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What is double outlet right ventricle?

Double outlet right ventricle is a rare birth defect of the heart.

The heart has two upper collecting chambers (right and left atrium), two lower pumping chambers (right and left ventricle), one artery leaving the right ventricle (pulmonary artery) and one leaving the left ventricle (aorta). In a normal heart, the aorta leaves the left ventricle, carrying oxygen-rich (red) blood to the body. The pulmonary artery leaves the right ventricle, carrying oxygen-poor (blue) blood to the lungs.

In double outlet right ventricle, both of the heart’s “outlets” – the pulmonary artery and the aorta – exit abnormally from the right ventricle. This causes the oxygen-rich and oxygen-poor blood to mix together before leaving the heart.

Many kinds of heart defects fall into the category of double outlet right ventricle. They all share the feature that the aorta and pulmonary artery both exit from the right ventricle. In addition, other parts of the heart may be different.

In double outlet right ventricle, there is almost always a hole in the septum, or wall, between the right and left ventricles, called a ventricular septal defect, that allows blood to mix within the heart. Some children also have a hole in the septum between the right and left atria called an atrial septal defect. They can have other defects too, such as abnormal heart valves (pulmonary stenosis, aortic stenosis or mitral valve abnormalities) or abnormal arteries (coarctation of the aorta or pulmonary atresia).

Double Outlet Right Ventricle in Children

This is a congenital defect. Doctors do not know why it happens. They think it occurs very early in the pregnancy, when the baby’s heart is forming, before a woman may even know she is pregnant.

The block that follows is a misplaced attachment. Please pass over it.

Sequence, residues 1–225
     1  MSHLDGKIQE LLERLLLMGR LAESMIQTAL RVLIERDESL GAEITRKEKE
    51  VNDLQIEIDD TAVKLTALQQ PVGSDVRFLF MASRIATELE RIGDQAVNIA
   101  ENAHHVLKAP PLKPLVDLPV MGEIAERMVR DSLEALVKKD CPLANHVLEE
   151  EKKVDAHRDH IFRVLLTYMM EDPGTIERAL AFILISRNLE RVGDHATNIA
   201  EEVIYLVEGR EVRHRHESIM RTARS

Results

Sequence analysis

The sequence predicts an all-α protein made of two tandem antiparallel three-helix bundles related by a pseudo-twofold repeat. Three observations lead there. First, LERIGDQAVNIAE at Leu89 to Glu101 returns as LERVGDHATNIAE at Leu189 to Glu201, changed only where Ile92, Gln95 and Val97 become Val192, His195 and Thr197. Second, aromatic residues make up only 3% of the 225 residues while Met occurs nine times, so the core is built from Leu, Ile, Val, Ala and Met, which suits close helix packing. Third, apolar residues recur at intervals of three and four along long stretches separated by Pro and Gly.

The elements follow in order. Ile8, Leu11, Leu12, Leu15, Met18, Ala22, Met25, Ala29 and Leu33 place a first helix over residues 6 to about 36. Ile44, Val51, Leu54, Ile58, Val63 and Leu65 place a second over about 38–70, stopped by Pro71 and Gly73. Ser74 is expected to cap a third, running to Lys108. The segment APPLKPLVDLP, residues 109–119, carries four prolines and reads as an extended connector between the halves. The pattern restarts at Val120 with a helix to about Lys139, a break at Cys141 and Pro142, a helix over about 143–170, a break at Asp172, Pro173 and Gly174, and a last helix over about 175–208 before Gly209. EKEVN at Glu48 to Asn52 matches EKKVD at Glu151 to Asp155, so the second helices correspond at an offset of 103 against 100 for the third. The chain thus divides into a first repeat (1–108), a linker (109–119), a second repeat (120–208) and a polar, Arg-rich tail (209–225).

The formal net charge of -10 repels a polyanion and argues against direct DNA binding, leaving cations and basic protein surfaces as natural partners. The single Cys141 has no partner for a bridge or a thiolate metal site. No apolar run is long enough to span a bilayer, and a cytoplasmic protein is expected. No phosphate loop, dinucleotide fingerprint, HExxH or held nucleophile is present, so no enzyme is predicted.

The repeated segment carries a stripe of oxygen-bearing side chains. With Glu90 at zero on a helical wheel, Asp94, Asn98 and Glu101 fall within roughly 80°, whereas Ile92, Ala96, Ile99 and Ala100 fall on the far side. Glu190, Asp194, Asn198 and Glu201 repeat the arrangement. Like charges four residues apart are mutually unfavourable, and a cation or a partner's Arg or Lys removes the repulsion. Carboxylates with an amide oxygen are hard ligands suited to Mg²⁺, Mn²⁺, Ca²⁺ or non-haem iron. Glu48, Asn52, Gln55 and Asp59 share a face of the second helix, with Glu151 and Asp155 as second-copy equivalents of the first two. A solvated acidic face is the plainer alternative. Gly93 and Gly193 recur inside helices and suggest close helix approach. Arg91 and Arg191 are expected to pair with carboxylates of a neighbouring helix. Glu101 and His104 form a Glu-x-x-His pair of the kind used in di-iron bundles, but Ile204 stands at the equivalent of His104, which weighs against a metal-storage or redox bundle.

Double outlet right ventricle is rare. About one in every 10,000 babies has this condition.

Double Outlet Right Ventricle at Seattle Children’s

Our heart team has treated many children with double outlet right ventricle. We have extensive experience with the surgery these patients require. We also have a pediatric cardiac anesthesia team and a cardiac intensive care unit ready to care for children who undergo heart surgery.

When you come to Seattle Children's, a team of people will take care of your child. Along with your child's cardiologist, you are connected with surgeons, cardiac intensive care unit doctors, cardiac anesthesiologists, neonatologists, nurses, cardiac sonographers, dietitians, child life specialists, social workers and others, if their expertise is needed. We work together to meet all of your child's health needs and help your family through this experience.

Seattle Children's has been treating children since 1907. Our team members are trained in their fields and also in meeting the unique needs of children. For example, the doctors who give your child anesthesia are board certified in pediatric anesthesiology. This means they have extra years of training in how to take care of kids. Our child life specialists know how to help children understand their illnesses and treatments in ways that make sense for their age. 

The Adult Congenital Heart Disease Program shared by Seattle Children’s and the University of Washington can help with care throughout your child’s life.

Contact Us

Contact the Heart Center at 206-987-2015 for a cardiac referral, a second opinion or more information.

Who Treats This at Seattle Children's?

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Summer 2014: Good Growing Newsletter

In This Issue

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Download Summer 2014 (PDF)